What the hell has happened at Activision and why should you care?
Say what you will about Bobby Kotick but Christ, does that man have balls. I mean, if I had the bosses of the world’s three biggest gaming companies – that’s the leaders of Nintendo, PlayStation, and Xbox, just in case there’s any doubt – my shareholders, and almost two thousand of my own employees calling for my resignation, I don’t think I’d be able to handwave that kind of pressure away.
- READ MORE: Sexual harassment claims, lawsuits, and several high profile departures – what’s going on with Activision Blizzard?
It’s not like this is a temporary embarrassment. Bobby didn’t accidentally back his car into someone else or forget to put the toilet seat down. Bobby is the CEO of Activision – the same Activision which, lest we forget, made eight hundred people redundant on the same day the firm announced record profits – and it looks like Activision might have fucked up. Big time.
Content warning for mentions of suicide, sexual harassment and sexual assault.
Not entirely sure what I’m talking about? Hey, that’s okay (and I kind of wish I didn’t either, quite honestly). Here’s a brief summary to bring you up to date. Settle in, maybe grab a hot beverage of your choice; it’s a doozy.
Activision was hit by a lawsuit filed by the California Department of Fair Employment and Housing back in July, and then again in September, this time by the U.S Securities and Exchange Commission following multiple allegations of sexual harassment, discrimination, and workplace misconduct. In between that, its own staff also filed a complaint too, alleging that the company used intimidation and “coercive tactics” to stifle staff trying to improve working conditions. Later in the month, Activision Blizzard announced several workplace initiatives “to further prevent and eliminate harassment and discrimination”.
The complaints are… well, sickening, quite frankly. Astonishing. Enraging. Sadly, they even include devastating allegations that a woman took her own life as a direct consequence of targeted workplace harassment.
A press release sent out at 3.30 am UK time earlier this week – it’s okay, Activision; we noticed it anyway – details a new “Workplace Responsibility Committee” that will “oversee the company’s progress in successfully implementing its new policies, procedures, and commitments to improve workplace culture and eliminate all forms of harassment and discrimination at [Activision]”.
But I’m guessing Activision’s people don’t want a new committee. I doubt they even want more lawsuits. I’m guessing they want change: meaningful, actionable, tangible, change. And though Activision’s senior management is ostensibly saying the right things (as well as a fuckton of wrong things, too, of course), saying stuff isn’t enough – not anymore. Not now we’ve been told Kotick reportedly knew about the sexual misconduct all along, in a report which Kotick said “paints an inaccurate and misleading view of our company, of me personally, and my leadership”. Not now we know Kotick told a woman he’d “have her killed” (sorry, it was just bants, though, lads – just “hyperbolic and inappropriate” bants). Not now Activision has reportedly made it clear that its “zero-tolerance” policy of serious workplace misconduct doesn’t apply to the CEO because there is “no evidence”.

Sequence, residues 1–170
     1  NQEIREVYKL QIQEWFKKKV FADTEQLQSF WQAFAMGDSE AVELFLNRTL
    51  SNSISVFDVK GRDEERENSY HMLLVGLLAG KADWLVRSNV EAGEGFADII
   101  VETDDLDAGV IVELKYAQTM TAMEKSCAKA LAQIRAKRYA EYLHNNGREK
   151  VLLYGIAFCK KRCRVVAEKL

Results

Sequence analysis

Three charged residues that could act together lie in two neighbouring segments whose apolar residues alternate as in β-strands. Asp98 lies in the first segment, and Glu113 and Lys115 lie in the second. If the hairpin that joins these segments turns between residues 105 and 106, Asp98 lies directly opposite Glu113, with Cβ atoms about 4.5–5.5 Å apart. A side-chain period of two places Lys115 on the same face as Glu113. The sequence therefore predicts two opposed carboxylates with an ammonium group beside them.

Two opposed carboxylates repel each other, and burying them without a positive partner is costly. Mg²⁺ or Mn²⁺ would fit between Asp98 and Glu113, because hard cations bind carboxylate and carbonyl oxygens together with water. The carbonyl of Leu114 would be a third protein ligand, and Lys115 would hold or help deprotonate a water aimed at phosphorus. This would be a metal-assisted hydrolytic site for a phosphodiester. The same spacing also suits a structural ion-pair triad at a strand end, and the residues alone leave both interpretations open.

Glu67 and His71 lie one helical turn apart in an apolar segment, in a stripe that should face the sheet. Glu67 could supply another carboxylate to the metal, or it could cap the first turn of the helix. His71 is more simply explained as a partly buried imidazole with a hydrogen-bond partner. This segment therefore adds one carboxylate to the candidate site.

It all puts us, the playing public, in a very difficult position, though, doesn’t it? I mean, what the hell can we do?
Actually, I think – together – we can do quite a lot. While the abstinence of one Welsh dork (HI!) is unlikely to make much of a dent on Acti’s bottom line, if several hundred/thousand/million similar dorks took a similar stand, I reckon we would. As I’ve said before when I talked about “crunch” in the video game industry, the easiest way to let a video game developer/publisher know you’re unhappy with their choices and decisions is both incredibly easy and stupidly hard: just don’t play their games.
Don’t let anyone tell you that your actions – however small – don’t matter. Consumer behaviour does matter. It does help. Cruelty-free beauty products, Fairtrade coffee and tea, the boost in meat-free food – all of that came from humble consumer pressure. No, it’s not easy: but just because something isn’t easy doesn’t mean it shouldn’t be done at all.
There’s a small, moral victory in not buying the latest Call Of Duty, sure, but to make a difference, you need to not support it in any way, and that includes avoiding streams of Activision products. Be vocal about it, too. If you use social media, let Activision know why you’re avoiding their games. I know an unintended side effect of this might affect the wallets and wellbeing of the staff and creators who work at/for Activision, but given the litany of disgusting stories Activision’s senior management is seemingly prepared to let slide, I’m starting to think that affecting the sales – and thereby its share price – may be the only thing we can do. We can no longer just sit by, expecting them to do the right, moral thing when their boss is allegedly making death threats and getting away with it.
A year ago, I wrote that we need to prove to studio heads and their investors that we – the game-playing public – simply won’t tolerate the mistreatment of their staff and artists anymore. How sad it is that, a year later, I’m writing it again… and it’s more true today than ever.
FOR HELP AND ADVICE ON MENTAL HEALTH:
- YOUNG MINDS – The voice for young people’s health and wellbeing
- CALM – The Campaign Against Living Miserably for young men
- Time To Change – Let’s end mental health discrimination
- The Samaritans – Confidential support 24 hours a day
- MIND – The National Association For Mental Health
Vikki Blake is a video games journalist and regular contributor to NME.